“Westminster haven’t prioritised the Welsh language at all in the past, so I’m not getting my hopes up they will in the future,” he says.
Iestyn Pritchard, NFU County Adviser for Anglesey, Mid Gwynedd and Meirionnydd, agrees a blow to the Welsh farming industry could accelerate the decline of the Welsh language but is determined to adopt a glass-half-full approach.
“We are vulnerable in terms of being quite far away from the market,” says Iestyn, whose family farm is based in Anglesey and still run by his 81-year-old father.
“The community is resilient and people will stick it out for a number of years, but it could have a long-term effect, particularly if a lot of people come into the area” he says. “Around a quarter of the homes purchased in Anglesey last year were second homes.”
Yet an influx of new people doesn’t necessarily spell disaster for the language. After all it’s happened before.
Mass migration of English speakers into Wales during the Industrial Revolution led to a fall in Welsh speakers so significant there were fears it would die out completely.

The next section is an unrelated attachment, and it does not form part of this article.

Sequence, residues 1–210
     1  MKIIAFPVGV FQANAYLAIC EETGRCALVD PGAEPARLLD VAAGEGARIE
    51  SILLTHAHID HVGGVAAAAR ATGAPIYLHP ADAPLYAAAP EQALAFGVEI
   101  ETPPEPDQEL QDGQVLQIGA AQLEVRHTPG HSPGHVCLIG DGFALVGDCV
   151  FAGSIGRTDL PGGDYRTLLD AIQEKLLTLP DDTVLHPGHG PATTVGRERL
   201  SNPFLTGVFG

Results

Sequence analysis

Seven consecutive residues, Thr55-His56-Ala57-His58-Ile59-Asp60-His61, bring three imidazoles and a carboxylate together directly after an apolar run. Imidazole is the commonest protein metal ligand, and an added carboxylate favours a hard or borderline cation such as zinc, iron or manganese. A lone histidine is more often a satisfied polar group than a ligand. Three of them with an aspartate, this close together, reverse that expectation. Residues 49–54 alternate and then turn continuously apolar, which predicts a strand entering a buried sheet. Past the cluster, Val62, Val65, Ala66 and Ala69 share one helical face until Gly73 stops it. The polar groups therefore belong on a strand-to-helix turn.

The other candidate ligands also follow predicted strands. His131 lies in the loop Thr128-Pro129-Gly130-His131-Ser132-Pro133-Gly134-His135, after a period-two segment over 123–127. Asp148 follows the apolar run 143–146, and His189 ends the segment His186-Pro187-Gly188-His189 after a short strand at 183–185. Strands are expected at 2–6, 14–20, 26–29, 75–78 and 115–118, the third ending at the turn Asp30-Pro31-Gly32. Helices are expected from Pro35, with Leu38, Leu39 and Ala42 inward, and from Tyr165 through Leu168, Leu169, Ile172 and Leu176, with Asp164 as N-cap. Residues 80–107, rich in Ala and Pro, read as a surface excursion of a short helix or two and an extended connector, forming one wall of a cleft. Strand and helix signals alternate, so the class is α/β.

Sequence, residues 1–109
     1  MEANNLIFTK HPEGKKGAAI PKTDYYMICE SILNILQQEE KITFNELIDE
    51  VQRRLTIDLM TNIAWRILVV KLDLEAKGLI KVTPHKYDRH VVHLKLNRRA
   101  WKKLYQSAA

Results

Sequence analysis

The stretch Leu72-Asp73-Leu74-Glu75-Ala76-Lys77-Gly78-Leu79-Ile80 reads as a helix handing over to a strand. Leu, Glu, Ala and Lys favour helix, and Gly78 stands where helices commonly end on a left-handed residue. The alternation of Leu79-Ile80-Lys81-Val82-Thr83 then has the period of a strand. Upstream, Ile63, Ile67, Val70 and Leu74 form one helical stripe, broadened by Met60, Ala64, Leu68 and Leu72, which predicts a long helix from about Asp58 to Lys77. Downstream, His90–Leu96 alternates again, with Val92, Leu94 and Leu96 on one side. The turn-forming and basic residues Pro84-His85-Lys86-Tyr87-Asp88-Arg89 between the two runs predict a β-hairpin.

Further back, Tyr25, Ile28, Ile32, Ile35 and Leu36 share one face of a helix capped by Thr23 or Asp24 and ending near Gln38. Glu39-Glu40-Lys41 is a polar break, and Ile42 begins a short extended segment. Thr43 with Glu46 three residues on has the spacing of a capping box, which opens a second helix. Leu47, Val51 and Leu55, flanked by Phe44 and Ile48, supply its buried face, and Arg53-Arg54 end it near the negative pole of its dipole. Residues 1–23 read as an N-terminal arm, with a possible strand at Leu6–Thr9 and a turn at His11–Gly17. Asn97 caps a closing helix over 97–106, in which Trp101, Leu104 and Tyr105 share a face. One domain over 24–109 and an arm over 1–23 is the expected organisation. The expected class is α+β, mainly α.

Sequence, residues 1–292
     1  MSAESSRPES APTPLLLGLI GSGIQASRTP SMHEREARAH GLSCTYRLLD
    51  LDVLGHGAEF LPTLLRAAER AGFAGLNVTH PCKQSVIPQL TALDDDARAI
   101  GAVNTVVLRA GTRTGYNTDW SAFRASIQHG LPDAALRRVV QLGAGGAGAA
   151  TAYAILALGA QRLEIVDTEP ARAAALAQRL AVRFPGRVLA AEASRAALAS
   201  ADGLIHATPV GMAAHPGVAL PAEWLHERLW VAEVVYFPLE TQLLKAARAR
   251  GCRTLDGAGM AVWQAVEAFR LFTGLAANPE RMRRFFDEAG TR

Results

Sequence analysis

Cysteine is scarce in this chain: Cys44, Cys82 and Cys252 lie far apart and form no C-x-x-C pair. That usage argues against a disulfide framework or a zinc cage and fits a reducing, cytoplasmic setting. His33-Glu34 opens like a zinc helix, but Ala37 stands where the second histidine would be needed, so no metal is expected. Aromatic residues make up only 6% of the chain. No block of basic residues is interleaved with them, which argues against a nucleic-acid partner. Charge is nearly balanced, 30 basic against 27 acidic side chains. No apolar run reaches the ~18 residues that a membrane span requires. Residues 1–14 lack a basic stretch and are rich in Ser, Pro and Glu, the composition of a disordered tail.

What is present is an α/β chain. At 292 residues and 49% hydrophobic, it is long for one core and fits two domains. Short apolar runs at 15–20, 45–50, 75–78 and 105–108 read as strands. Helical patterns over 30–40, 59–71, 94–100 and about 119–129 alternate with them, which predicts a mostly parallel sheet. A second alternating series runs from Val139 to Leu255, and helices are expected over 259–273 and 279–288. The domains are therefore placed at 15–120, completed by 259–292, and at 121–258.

Iestyn believes the situation now is different. “We do find that people come along and want to learn Welsh – and it’s not the easiest of languages to learn, to be fair,” he adds.
“The language goes through phases. It was once more fashionable to speak English. However we’ve found over the past 10-15 years Welsh language education has increased a great deal, particularly in those areas that don’t traditionally speak Welsh.”
Encouraging more people to learn and speak Welsh is vital. Aled elaborates: “You can teach it in the classroom, but if people don’t live and breathe it, that’s when it’s in trouble.
“We always have, and always will, conduct all our business in Welsh and speak it at home.
“There are still half a million of us who speak or understand it, so if anyone thinks they’re getting rid of us, they’ve got another thing coming.”